In an interesting study, Yunxie et al. classified the masseter muscle into five types in order to help in accurate injection and spread of botulinum toxin. This classification depended on clinical and ultrasound examination of the muscle bulge.


Classification of the Contracted Masseter Muscle Regarding Bulging Type [12] :


I Minimal Even masseter contraction, no obvious bulging palpable

II Mono Local single longitudinal bulge

III Double Two separate longitudinal bulges of equal or differing height

IV Triple Three longitudinal bulges

V Excessive Massive single bulge


The doses and injection points of botulinum toxin varied from 20 to 40 units per side and one to three injection points per side depending on this classification.


Complications [1, 9, 10]

Based on a number of studies, it has been seen that in some patients, there may be a temporary inability to chew hard foods from 1 week post-injection, lasting up to 6 weeks. Localised swelling at the injection site due to haematomas may be seen but they resolve on their own within a week. Muscle ache and pain at site of injection is also reported. Minor changes in facial expression can occur. This is due to accidental weakening of the zygomaticus major or risorious muscle. Smile asymmetry & difficulty insmiling from diffusion into zygomaticus major or levator anguli is a temporary complication if botulinum toxin is injected too high into the masseter.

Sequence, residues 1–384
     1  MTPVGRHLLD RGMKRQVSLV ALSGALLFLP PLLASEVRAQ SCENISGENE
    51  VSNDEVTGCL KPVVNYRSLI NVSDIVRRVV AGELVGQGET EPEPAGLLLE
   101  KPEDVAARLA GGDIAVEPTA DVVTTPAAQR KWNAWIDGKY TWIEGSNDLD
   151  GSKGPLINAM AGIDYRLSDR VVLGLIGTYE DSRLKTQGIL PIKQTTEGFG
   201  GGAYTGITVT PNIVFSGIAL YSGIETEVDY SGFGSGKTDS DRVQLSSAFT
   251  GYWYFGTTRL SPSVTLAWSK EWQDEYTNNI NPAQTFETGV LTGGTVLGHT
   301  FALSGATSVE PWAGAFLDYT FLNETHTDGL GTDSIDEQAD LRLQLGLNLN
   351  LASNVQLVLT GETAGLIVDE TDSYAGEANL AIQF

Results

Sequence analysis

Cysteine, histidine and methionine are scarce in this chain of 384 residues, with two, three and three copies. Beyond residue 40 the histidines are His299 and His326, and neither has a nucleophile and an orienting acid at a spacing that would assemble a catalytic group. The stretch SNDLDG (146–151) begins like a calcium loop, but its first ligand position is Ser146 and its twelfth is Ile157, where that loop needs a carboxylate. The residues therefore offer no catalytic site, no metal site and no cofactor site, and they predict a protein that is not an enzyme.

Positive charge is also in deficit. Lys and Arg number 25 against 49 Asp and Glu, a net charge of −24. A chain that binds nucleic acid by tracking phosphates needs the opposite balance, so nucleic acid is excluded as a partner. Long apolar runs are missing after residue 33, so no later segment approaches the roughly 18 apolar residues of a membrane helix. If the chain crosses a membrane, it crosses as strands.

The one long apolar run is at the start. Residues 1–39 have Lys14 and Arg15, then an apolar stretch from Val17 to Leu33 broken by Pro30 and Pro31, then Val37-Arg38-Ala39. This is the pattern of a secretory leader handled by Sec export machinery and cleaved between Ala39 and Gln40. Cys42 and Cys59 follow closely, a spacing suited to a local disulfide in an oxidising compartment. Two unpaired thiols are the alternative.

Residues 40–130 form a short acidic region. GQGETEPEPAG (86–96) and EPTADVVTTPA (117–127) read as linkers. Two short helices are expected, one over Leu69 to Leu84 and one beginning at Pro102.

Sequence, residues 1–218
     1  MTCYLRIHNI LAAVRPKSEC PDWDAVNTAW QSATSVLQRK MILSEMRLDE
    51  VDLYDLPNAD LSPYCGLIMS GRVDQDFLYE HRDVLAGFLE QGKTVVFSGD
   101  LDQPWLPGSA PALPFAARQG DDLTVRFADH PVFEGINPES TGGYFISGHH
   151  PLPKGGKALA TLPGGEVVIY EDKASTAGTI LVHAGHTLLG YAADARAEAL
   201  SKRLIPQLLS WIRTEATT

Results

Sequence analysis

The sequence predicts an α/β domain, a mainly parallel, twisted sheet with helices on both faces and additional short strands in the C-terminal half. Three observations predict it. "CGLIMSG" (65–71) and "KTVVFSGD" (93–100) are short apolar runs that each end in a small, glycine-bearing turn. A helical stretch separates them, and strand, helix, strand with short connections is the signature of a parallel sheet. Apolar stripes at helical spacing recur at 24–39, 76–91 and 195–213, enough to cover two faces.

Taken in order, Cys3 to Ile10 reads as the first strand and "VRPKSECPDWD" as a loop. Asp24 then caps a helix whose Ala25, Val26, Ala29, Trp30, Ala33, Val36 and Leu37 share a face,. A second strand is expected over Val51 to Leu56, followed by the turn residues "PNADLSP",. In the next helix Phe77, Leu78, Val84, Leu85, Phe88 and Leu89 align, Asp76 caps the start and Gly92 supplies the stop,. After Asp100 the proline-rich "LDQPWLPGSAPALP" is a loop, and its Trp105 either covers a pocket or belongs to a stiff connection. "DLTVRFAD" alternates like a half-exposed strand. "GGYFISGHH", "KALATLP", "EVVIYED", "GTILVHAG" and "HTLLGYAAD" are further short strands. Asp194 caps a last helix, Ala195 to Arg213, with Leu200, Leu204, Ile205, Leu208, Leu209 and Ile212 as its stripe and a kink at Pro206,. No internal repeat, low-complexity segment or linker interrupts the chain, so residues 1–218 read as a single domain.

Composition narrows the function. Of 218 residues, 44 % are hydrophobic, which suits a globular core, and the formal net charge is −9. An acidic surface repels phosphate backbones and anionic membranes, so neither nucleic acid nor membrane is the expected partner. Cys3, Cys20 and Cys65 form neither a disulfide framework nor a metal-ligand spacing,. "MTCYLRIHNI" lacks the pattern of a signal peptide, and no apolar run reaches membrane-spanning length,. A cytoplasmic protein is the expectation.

It has also been seen that the cheeks appear sunken following injection. This is because of atrophy of the superior portion of the masseter in patients. The superior portion of the masseter lies just below the bony prominence of the cheekbone, thus thinning the masseter may result in a sharp drop-off between the zygomatic arch and cheek causing the sunken cheek appearance [13].


Sometimes, a minor skin ‘sagging’ has been seen post injection. This is because the muscle shrinks faster than skin contracts. It usually resolves in 6–12 weeks [14].

There have been no permanent complications reported.




Injecting botulinum toxin in patients with Masseter muscle hypertrophy is an excellent and safe nonsurgical option to reduce the size of the muscle and give a chiselled jaw line resulting in a desirable oval face. Some key injections pearls must be kept in mind to avoid untoward effects.


Always stay below the line drawn from lip corner to ear tragus and keep injections below this line. Mark and delineate the muscle with the patient’s teeth clenched. Always inject at least 1 cm away from muscle borders. Lastly, do not be in a hurry to do a touch up before 6weeks of the first injection.

Address of Correspondence

Jaishree Sharad, MD
F-7 C-1
Vashi, Navi Mumbai